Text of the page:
Update: Mooney on the Office of Technology Assessment

Posted by Jesse Reynolds on January 14th, 2008


A couple months ago, I wrote about presidential candidate Senator Hillary Clinton and her reference to reviving the Office of Technology Assessment. Chris Mooney provides an update for the Center for American Progress, and his outlook is not optimistic.

Previously on Biopolitical Times





A Double Standard for Stem Cells and PGD

Posted by Jesse Reynolds on January 11th, 2008


ACT's Michael Lanza

This week, Advanced Cell Technology, a biotechnology company with a reputation for exaggeration, announced improvements in their technique for isolating stem cell lines from embryos in a nondestructive manner. Setting aside the reliability of their claims, the logic behind the rejection by the National Institutes of Health for the funding of ACT's method is both revealing and perplexing.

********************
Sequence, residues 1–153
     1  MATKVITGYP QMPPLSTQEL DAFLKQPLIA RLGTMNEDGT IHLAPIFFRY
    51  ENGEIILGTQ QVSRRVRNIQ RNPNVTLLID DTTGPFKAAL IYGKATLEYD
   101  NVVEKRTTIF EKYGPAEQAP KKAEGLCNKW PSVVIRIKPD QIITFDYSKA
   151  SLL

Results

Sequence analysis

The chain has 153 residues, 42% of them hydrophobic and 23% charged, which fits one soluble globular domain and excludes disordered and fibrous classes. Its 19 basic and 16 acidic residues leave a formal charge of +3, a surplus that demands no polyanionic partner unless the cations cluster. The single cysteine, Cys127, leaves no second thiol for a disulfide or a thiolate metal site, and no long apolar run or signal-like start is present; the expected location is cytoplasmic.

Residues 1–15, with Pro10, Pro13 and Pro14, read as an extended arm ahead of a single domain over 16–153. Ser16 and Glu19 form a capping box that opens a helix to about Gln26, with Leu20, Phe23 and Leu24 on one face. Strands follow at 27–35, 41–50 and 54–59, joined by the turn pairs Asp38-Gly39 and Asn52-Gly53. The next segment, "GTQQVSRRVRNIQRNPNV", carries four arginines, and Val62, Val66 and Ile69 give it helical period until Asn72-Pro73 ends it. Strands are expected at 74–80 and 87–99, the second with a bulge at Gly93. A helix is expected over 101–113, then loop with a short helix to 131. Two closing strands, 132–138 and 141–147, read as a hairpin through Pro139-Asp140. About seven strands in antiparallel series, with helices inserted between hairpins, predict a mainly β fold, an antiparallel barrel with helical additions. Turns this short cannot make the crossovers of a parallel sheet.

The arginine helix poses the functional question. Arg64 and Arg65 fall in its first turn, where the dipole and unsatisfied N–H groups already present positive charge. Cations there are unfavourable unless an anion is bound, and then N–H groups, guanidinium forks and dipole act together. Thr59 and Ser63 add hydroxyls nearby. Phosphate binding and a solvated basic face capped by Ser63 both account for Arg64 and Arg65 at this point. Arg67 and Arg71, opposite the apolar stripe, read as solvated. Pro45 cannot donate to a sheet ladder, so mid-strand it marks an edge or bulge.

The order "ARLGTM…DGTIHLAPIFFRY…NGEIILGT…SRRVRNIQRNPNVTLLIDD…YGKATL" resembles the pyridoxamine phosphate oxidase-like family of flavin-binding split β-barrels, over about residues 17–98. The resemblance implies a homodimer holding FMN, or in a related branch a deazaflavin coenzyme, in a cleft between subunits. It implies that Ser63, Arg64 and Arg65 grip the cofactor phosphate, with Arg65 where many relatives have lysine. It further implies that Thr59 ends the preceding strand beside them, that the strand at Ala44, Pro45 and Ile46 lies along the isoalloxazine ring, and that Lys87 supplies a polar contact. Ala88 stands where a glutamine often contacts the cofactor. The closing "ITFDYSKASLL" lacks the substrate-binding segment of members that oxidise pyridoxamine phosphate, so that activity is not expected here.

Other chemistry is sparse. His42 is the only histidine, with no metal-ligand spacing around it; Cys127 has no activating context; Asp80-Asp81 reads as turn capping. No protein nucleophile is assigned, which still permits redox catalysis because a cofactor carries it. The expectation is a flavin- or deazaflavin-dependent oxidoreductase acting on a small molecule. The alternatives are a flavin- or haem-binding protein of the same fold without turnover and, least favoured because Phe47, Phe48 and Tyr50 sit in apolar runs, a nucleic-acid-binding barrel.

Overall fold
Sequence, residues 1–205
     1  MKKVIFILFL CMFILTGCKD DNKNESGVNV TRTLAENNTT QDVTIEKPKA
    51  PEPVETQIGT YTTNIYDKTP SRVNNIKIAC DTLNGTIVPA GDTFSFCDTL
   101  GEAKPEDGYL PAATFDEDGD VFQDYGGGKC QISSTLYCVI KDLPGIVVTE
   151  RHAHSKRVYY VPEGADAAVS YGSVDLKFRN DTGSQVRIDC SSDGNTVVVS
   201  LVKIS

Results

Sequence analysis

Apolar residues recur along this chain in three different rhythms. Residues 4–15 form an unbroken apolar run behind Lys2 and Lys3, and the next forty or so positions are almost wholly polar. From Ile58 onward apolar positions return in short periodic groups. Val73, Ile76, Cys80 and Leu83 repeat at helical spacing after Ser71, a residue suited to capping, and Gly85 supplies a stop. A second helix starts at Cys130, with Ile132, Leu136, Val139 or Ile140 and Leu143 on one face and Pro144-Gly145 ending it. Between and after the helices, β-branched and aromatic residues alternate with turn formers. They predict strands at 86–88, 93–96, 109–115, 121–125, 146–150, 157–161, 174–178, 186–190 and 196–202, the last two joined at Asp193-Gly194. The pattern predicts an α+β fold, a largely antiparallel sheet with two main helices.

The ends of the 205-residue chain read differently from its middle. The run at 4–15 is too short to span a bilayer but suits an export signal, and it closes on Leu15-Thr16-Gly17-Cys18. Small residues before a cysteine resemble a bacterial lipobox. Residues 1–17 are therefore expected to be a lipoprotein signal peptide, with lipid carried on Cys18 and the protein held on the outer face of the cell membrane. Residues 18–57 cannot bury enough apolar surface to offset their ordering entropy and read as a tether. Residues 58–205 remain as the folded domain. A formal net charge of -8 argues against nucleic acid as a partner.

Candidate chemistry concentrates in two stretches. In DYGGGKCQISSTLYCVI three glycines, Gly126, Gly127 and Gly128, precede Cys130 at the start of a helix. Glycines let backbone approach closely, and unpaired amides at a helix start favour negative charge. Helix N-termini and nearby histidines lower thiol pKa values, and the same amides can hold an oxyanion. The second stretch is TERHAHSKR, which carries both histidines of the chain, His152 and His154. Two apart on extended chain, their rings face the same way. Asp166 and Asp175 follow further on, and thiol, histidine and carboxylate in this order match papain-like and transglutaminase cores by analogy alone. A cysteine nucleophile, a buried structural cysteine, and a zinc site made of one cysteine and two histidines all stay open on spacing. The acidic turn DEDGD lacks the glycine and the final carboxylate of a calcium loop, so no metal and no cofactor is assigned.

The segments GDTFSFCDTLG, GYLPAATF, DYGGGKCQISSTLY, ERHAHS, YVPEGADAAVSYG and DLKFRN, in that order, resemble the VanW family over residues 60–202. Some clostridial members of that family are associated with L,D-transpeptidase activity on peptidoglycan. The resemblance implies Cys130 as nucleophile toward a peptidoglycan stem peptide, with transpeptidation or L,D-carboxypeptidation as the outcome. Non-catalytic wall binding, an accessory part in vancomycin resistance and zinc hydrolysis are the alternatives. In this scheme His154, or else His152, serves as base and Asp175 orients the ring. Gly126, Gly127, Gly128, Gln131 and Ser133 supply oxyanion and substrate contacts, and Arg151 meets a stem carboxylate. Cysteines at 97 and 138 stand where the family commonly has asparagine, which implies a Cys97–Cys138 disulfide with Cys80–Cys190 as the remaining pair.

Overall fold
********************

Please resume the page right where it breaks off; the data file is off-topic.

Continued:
ACT's technique, first announced in August 2006, involves removing a single cell from an embryo at a very early stage. A stem cell line can be derived from the cell, and the embryo appears to remain viable, much like preimplantation genetic diagnosis (PGD). The NIH, though, is not convinced that the embryo is not harmed, which is the standard to receive federal funding. And the only way to find out would be to implant these embryos, which according to the head of the NIH's task force, would be unethical.

But the implantation of embryos which have had a single cell removed for genetic testing is a not uncommon technique, in PGD. The statements by the NIH's Story Landis imply that PGD itself is unethical due to its uncertain health effects. If implantation of an embryo that has undergone single-cell biopsy is unethical, why has is been occurring for almost eighteen years?

Update: Brandon Keim at the Wired Science blog spoke with Landis, and provides some clarification.

Previously on Biopolitical Times:





The More Things Change...

Posted by Jesse Reynolds on January 10th, 2008